Venture capital

$640M in VC money poured into Philly last quarter, signaling a stable local market

Healthcare and information technology startups saw the highest raises during spring 2024, while AI adoption continues to spread.

Philadelphia skyline, March 2024 (Danya Henninger/

After a fundraising rollercoaster over the last few years, Philly’s venture capital market appears to be leveling out at a volume similar to just before the pandemic. 

Companies in the Philadelphia region raised almost $643 million across 100 deals, according to the latest Venture Monitor report, released quarterly by PitchBook and the National Venture Capital Association (NVCA). 

The latest numbers aren’t surprising to Emily Foote, a partner at Bala Cynwyd-based venture capital firm Osage Venture Partners. The stats, she said, reflect a solid VC market. 

“They do paint an interesting picture of our region’s resilience and potential,” Foote told “While we’ve seen some fluctuation over the past year, the overall trend suggests a stabilizing market.” 

After record-high raises in 2021 and 2022, Philly’s 2023 totals were a significant dip — but things are now holding steady. Last quarter saw $732 million raised over 101 deals, while this spring’s total is only slightly lower over nearly the same number of deals. That pattern much is steadier than the drastic spikes and subsequent falls during the immediate post pandemic years. 

Though down from the 2021-2022 spike, investment totals in the Philadelphia Metropolitan Statistical Area, which includes Delaware and parts of New Jersey and Maryland, are generally higher now than last decade. The average number of deals per quarter has increased more notably, and is now up about 23% versus five years ago. 

In the most recent quarter, however, four big deals did account for nearly a third of the total value.

Note: As is always true with these quarterly reports, the data may be incomplete, or reflect interim raises, or otherwise contain inaccuracies. Deal amounts are pulled from public filings.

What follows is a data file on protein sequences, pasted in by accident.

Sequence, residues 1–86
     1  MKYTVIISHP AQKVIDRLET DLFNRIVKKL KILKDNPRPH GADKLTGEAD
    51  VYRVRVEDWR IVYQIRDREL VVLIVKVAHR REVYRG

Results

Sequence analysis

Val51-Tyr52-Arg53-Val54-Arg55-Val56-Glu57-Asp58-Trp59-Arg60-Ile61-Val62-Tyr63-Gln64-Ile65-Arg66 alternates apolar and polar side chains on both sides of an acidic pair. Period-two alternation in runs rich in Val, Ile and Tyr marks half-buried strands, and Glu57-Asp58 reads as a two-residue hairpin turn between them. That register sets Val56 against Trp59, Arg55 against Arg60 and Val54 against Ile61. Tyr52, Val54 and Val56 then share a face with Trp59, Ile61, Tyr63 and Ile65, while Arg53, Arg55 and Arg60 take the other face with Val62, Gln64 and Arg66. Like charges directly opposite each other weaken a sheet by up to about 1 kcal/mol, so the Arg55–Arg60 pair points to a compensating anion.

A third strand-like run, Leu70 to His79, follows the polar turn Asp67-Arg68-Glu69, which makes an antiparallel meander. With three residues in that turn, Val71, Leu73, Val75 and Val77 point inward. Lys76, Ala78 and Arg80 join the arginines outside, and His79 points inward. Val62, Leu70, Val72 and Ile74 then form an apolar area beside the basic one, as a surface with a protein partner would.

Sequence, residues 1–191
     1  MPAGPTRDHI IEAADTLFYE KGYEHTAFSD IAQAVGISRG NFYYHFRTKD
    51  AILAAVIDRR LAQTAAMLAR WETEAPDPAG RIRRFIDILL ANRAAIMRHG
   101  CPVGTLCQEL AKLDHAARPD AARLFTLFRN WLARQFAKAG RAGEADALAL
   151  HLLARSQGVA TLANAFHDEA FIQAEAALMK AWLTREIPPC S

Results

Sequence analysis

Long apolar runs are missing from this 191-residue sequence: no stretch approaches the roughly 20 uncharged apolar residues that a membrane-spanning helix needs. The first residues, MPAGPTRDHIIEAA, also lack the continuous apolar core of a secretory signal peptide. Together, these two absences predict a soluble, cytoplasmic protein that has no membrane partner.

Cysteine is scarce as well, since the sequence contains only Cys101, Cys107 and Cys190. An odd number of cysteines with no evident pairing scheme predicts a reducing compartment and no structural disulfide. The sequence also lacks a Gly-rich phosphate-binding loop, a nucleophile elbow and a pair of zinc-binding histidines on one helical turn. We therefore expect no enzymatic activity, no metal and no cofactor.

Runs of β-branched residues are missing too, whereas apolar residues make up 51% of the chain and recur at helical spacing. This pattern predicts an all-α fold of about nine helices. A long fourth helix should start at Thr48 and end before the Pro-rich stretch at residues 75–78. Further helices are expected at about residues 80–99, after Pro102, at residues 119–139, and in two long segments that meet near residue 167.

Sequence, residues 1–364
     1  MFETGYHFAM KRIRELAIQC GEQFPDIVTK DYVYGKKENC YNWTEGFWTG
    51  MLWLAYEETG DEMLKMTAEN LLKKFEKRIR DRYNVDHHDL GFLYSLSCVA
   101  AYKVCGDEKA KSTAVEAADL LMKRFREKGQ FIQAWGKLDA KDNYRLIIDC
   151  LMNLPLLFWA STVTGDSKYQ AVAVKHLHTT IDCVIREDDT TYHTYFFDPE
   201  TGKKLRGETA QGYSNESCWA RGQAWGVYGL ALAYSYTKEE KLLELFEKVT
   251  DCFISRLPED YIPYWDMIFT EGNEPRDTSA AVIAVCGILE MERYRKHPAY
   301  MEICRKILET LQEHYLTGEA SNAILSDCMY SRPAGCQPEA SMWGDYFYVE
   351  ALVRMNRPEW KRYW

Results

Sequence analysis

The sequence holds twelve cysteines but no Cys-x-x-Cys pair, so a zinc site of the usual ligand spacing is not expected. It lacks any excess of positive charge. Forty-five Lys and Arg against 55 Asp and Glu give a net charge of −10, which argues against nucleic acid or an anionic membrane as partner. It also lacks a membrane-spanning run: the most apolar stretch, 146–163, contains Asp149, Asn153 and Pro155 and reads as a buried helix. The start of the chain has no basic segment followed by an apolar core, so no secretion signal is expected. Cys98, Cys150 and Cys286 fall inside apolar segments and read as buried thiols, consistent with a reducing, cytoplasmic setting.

Healthcare and info tech dominate Q2 raises 

It’s no shock that two of this quarter’s top deals are in the healthcare industry, which is strong in Philadelphia. The other companies are categorized as information technology. 

Some companies on this list appear not to be headquartered in the Philadelphia region. That’s something we often see, especially in Delaware, which has state laws that make it attractive for incorporation even if businesses mainly operate elsewhere.

Here are the top five 2024 Q2 deals from the Philadelphia region: 

  1. Philly-based gene therapy company Latus Bio raised $54 million. 
  2. Conshohocken-based AI gun detection software company ZeroEyes raised $53 million
  3. Philly-based cell and gene therapy company Interius raised $51 million. 
  4. Fundraising platform Givebutter was the fourth highest raise at $50 million. Its headquarters is listed as Wilmington according to Pitchbook, but Givebutter’s LinkedIn says the company is remote.
  5. AI-based calendar platform Motion was the fifth highest raise with $36.5 million. Pitchbook lists the company’s headquarters as Wilmington, but LinkedIn lists the headquarters as California.

Philly aligns with national trends for AI venture capital

Philly aligns with the national trend that VC markets are leveling out after some uncertainty following the pandemic. 

It’s still a difficult market for exits, though, and investors are focused now on supporting companies with more inside and continuation rounds, Bobby Franklin, president and CEO of NVCA, said in the report. Venture capital in general is also seeing hype around AI, but investors seem to be doing less due-diligence for deals in this sector. This could cause challenges for AI startups raising capital in the future. 

“Overall, the direction of the market appears to give modest cause for optimism, and — in hindsight — to be relatively predictable,” Franklin said. 

Q2’s data suggests that Philadelphia is holding its ground in raising VC and showing growth in healthcare and technology sectors, according to Foote, of Osage Venture Partners.

At Osage, for example, Foote is seeing Philly’s startup scene shift to incorporating AI tools to increase efficiency. She says she’s hopeful the startup ecosystem in the region will continue on that path. 

“While challenges remain,” Foote said. “I believe Philadelphia’s startup scene is on a positive trajectory.”

Sarah Huffman is a 2022-2024 corps member for Report for America, an initiative of The Groundtruth Project that pairs young journalists with local newsrooms. This position is supported by the Lenfest Institute for Journalism.
Companies: PitchBook / ZeroEyes / National Venture Capital Association

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